After three years in a federal pen, dentist David Goldston is back in practice in Polk City.
He’ll have to fix a lot of teeth to pay off $2 million in tax-fraud penalties, but at least he doesn’t have to worry about losing his state dental license. He didn’t get even a slap on the wrist from the Department of Health or Board of Dentistry.
In fact, there is no indication that they are even aware of Goldston’s federal conviction.
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That’s not uncommon, a Health News Florida investigation found. Criminal convictions of health professionals often fly under the state’s radar.
Dennis Brager, a California tax attorney who recently studied and wrote about the Goldston case, was surprised to hear that the dentist is back in active practice.
“I know in California if you’re convicted, they lift your license,” Brager said.
But this is Florida. The rules are different here.
A law with holes
The Department of Health and the boards that it supports are supposed to protect the public from dishonest and incompetent practitioners. It has a website where consumers can look up licensees and check their backgrounds.
Even after a case ends with a conviction, DOH doesn’t always find out. Licenses can be listed as “clear/active” even as their owners serve prison time or felony probation.
DOH says it is not at fault, that it is carrying out the law as the Legislature wrote it. In the late 1990s, lawmakers authorized the agency to do criminal background checks on several types of health professionals, but not most.
Long-time legislators and their staffs — even some who retired — said they couldn’t recall passage of the law and why it was done that way.
Do they read the news?
Even when a crime and court case makes headlines, DOH sometimes remains oblivious. The Goldston case, for example, made news in at least two state newspapers.
Health News Florida decided to pick two types of professionals that aren’t covered under the background-check law and see what could be found at no charge, just using state search sites and Google. A check of dentists and allied mental-health fields turned up nine cases in which licensees’ criminal convictions were not mentioned on their license records.
They include three therapists addicted to cocaine or prescription drugs; two men accused of sex crimes with minors; two tax evaders, and two thieves. Four served time in jail; two are still there.
On the DOH website, none of those convictions is mentioned. In fact, most of the offenders’ licenses are marked “Clear/Active” with no past discipline and no pending complaints.
When a reporter brought this to the attention of DOH Secretary and Surgeon General Frank Farmer, he said he was concerned. “I’ll check into it and see what the story is,” he said.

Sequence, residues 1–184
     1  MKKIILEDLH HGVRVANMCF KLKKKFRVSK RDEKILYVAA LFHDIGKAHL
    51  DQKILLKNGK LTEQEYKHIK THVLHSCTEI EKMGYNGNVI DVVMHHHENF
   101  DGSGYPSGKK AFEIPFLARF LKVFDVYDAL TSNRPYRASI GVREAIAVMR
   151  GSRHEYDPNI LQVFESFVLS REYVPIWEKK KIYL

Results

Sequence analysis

Who’s checked, who’s not
Attorneys familiar with Florida laws governing the health professions say DOH is authorized to do criminal background checks only on nurses, medical and osteopathic physicians, chiropractors and podiatrists.
Not mentioned are dentists and 29 others, including pharmacists, optometrists, acupuncturists, midwives and psychologists.
(See the list here).
If there was logic at work in the Legislature’s choice of professions to scrutinize, it’s not obvious. For example, a pharmacy owner requires a background check, but not a pharmacist. A prosthetic fitter gets checked, but not a hearing-aid specialist.
Advanced registered nurse practitioners must undergo background checks, while physician assistants don’t.
Expanding the background checks to cover the missing professions would not require a state expense. Licensees have to pay for the screening every two years; for most, it costs $43.25.
But this is not a time when Florida officials seem eager to ramp up oversight of the private sector. Both Gov. Rick Scott and legislative leaders are currently rolling back rules and regulations.
DOH relies on self-reports
For its part, DOH has not aggressively sought the authority to cross-check licensees against the Florida Department of Law Enforcement’s database. The agency depends on licensees to report themselves.
All those who apply for a Florida health professional license are asked to disclose criminal convictions on the form. If they’re already licensed when the arrest occurs, they are supposed to notify DOH within 30 days of a conviction (or plea of no contest).
But that doesn’t necessarily happen.
For example, William Earl Hayes, a now-retired mental-health counselor in Miami, kept his license pristine for more than a decade even as his name and picture circulated on the Florida Department of Law Enforcement’s sex-offender registry.
Nobody ever told DOH, which is fine with him. He said, “I don’t want to open a can of worms. I don’t need the aggravation.”
–Carol Gentry, Health News Florida